Learning Where Our Food Comes From: Enjoying Local Produce at the Strawberry Patch
New Series: Learning Where Our Food Comes From
This is the first part of a new series I’m starting. In my effort to eat inexpensive, healthy, and local food, I have learned a few skills over the past year, including how to process and clean a deer (!) and fillet fish. I’m going to talk about some of that stuff (and other less gruesome things, I promise!) over the next few weeks. I’m not planning on going over to South America to find out where bananas are grown (unless someone wants to pay for me to go over there!), but I will tell you some of the things I’ve done to lower my food budget and eat more locally. I’ll share some resources I’ve come across and recommend some books and movies to read to challenge your thinking. I’m looking forward to it! Let me know if there’s anything specific you’d like for me to cover in this series.
Why Talk about Where Food Comes From?
While on holiday last summer I read Barbara Kingsolver’s Animal, Vegetable, Miracle and it really made me think differently about the food I was eating. What food is in season? Where is it coming from? It’s also a part of the inspiration behind me starting my own garden this year. One other point that stuck with me was: Do our children even know how food is grown and what it looks like while it is growing? For that matter, do I even know what food looks like while it is growing? Surprisingly to me, I don’t know what a lot of basic things look like while they are growing. Kingsolver made the point in her book that our food chain is so industrialized these days that a lot of children don’t know how a carrot is grown or what that looks like.
My husband and I spoke about this and decided we want our kiddos to know how things grow. We frequently will talk about our food with them and then go “google” what a blueberry bush or a pepper plant looks like and we’ll all learn what it looks like and how it grows. (And now, we can just step into the garden!) We eat lots of venison and my daughter talks about how Daddy hunted the deer and now we are eating it. Same thing with the fish–papa and nonna caught the fish in Florida where we visited and mommy cleaned it. We also talk about how, ultimately, God gave us the food we are eating.
By talking about where food comes from, I’m encouraging my children and myself to eat healthily. Its easy to explain where a carrot comes from. Not as easy to explain where MSG or high fructose corn syrup comes from. I hope I’m also instilling in them a sense of responsibility and stewardship for the earth and their bodies. What goes into the earth, goes into our food, and thus goes into our bodies. And honestly, I just like doing it! I find it fascinating and the industrialization of food in America is a subject I could talk a lot about. (Just a warning: don’t ever bring it up in conversation with me unless you are really sure you want to talk about it!) :)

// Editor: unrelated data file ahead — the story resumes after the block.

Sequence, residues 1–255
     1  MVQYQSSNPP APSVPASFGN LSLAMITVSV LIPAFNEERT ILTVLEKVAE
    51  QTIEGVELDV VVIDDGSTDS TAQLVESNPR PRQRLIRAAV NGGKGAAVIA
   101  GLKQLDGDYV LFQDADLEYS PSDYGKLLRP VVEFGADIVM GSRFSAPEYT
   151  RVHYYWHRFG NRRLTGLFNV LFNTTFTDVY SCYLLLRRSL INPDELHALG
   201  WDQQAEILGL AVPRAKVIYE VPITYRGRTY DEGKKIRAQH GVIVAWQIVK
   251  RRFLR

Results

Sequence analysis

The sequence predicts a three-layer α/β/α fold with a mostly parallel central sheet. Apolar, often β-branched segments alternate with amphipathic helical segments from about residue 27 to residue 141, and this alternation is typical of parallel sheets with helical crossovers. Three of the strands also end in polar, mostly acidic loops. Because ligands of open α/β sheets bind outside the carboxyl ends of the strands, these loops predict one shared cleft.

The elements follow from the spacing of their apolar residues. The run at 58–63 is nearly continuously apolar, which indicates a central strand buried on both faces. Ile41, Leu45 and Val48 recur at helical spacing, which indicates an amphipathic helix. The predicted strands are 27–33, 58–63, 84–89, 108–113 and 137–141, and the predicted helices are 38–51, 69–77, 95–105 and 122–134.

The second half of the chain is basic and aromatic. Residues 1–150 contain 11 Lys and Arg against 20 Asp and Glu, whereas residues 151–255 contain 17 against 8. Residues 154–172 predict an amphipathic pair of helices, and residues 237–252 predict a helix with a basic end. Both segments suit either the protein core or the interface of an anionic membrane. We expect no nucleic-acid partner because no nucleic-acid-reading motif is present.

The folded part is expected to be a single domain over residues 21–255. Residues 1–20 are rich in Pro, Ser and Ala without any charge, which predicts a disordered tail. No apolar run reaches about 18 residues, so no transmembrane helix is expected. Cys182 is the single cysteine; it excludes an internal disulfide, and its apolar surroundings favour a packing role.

Local Produce: Strawberry Season
In our efforts to show our kiddos how food grows and where it comes from (and to try to save some money on food in the process), I’ve been looking into local produce in my area. (Southern Georgia) There were a few pick your own strawberry patches around, so one cloudy morning my mother-in-law and I took the two kids to the strawberry patch.
Some important lessons learned for the kiddos:
What a ripe strawberry looks like. You don’t want to pick the white ones, or even the pink ones. They have to be completely red. Most surprisinly to me was that my two year old son (who is not very verbal) understood this. They both did great at finding and picking ripe strawberries.
What a strawberry plant looks like.
How a ripe strawberry tastes right off the vine. Delicious!
Not only is local in season produce advantageous as a learning experience for kiddos (and myself!), it is a great time to stock up for future eating since this’ll be the time that strawberries are the least expensive. We managed to pick 13 pound of strawberries in about a half hour. We ate quite a bit and the rest I froze for use later. I hope next year I can freeze even more!
Resources for How to Preserve Strawberries
Last Minute Strawberry Jam from Kitchen Simplicity
Four Simple Methods for Freezing Strawberries from Simple Organic
Strawberries: Safe Methods to Store, Preserve, and Enjoy from University of California
Homemade Frozen Fruit “Ice Cream” from Live Renewed — I’ll definitely be trying this later this summer!